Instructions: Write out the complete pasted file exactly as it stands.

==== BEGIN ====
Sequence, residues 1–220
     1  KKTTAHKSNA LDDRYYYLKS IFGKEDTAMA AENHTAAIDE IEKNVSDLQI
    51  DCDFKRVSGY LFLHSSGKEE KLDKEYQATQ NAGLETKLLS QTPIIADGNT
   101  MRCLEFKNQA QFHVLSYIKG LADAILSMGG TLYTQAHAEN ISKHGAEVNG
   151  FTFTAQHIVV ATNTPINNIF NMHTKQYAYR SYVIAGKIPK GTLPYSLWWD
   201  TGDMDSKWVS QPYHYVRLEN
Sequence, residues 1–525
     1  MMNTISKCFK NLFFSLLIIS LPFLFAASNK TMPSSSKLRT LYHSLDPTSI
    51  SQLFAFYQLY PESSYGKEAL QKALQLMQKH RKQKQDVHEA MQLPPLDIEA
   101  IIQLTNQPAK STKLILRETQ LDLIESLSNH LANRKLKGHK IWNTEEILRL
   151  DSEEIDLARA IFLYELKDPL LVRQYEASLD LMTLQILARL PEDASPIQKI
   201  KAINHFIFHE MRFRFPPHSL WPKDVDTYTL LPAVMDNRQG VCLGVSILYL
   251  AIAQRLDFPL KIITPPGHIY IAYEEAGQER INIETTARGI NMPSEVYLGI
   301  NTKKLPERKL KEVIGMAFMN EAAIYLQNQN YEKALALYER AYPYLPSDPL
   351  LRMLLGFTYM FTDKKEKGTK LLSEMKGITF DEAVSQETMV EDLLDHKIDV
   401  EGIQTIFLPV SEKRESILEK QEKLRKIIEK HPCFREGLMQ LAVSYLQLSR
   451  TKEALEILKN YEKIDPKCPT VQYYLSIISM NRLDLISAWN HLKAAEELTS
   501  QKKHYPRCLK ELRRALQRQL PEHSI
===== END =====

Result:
Sequence, residues 1–220
     1  KKTTAHKSNA LDDRYYYLKS IFGKEDTAMA AENHTAAIDE IEKNVSDLQI
    51  DCDFKRVSGY LFLHSSGKEE KLDKEYQATQ NAGLETKLLS QTPIIADGNT
   101  MRCLEFKNQA QFHVLSYIKG LADAILSMGG TLYTQAHAEN ISKHGAEVNG
   151  FTFTAQHIVV ATNTPINNIF NMHTKQYAYR SYVIAGKIPK GTLPYSLWWD
   201  TGDMDSKWVS QPYHYVRLEN
Sequence, residues 1–525
     1  MMNTISKCFK NLFFSLLIIS LPFLFAASNK TMPSSSKLRT LYHSLDPTSI
    51  SQLFAFYQLY PESSYGKEAL QKALQLMQKH RKQKQDVHEA MQLPPLDIEA
   101  IIQLTNQPAK STKLILRETQ LDLIESLSNH LANRKLKGHK IWNTEEILRL
   151  DSEEIDLARA IFLYELKDPL LVRQYEASLD LMTLQILARL PEDASPIQKI
   201  KAINHFIFHE MRFRFPPHSL WPKDVDTYTL LPAVMDNRQG VCLGVSILYL
   251  AIAQRLDFPL KIITPPGHIY IAYEEAGQER INIETTARGI NMPSEVYLGI
   301  NTKKLPERKL KEVIGMAFMN EAAIYLQNQN YEKALALYER AYPYLPSDPL
   351  LRMLLGFTYM FTDKKEKGTK LLSEMKGITF DEAVSQETMV EDLLDHKIDV
   401  EGIQTIFLPV SEKRESILEK QEKLRKIIEK HPCFREGLMQ LAVSYLQLSR
   451  TKEALEILKN YEKIDPKCPT VQYYLSIISM NRLDLISAWN HLKAAEELTS
   501  QKKHYPRCLK ELRRALQRQL PEHSI